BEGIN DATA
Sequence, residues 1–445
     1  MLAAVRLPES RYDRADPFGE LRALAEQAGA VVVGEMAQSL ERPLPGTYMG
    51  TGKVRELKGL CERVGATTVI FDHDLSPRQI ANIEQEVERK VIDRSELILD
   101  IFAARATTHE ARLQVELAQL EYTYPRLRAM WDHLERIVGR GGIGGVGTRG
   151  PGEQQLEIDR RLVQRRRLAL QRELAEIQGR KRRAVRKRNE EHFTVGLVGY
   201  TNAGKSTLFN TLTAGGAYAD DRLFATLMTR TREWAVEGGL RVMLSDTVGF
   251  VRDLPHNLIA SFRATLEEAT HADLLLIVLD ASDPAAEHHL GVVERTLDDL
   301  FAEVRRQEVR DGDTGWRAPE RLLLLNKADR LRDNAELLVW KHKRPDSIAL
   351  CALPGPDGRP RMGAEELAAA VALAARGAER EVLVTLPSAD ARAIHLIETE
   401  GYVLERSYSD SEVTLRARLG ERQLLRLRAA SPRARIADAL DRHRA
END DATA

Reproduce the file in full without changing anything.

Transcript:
Sequence, residues 1–445
     1  MLAAVRLPES RYDRADPFGE LRALAEQAGA VVVGEMAQSL ERPLPGTYMG
    51  TGKVRELKGL CERVGATTVI FDHDLSPRQI ANIEQEVERK VIDRSELILD
   101  IFAARATTHE ARLQVELAQL EYTYPRLRAM WDHLERIVGR GGIGGVGTRG
   151  PGEQQLEIDR RLVQRRRLAL QRELAEIQGR KRRAVRKRNE EHFTVGLVGY
   201  TNAGKSTLFN TLTAGGAYAD DRLFATLMTR TREWAVEGGL RVMLSDTVGF
   251  VRDLPHNLIA SFRATLEEAT HADLLLIVLD ASDPAAEHHL GVVERTLDDL
   301  FAEVRRQEVR DGDTGWRAPE RLLLLNKADR LRDNAELLVW KHKRPDSIAL
   351  CALPGPDGRP RMGAEELAAA VALAARGAER EVLVTLPSAD ARAIHLIETE
   401  GYVLERSYSD SEVTLRARLG ERQLLRLRAA SPRARIADAL DRHRA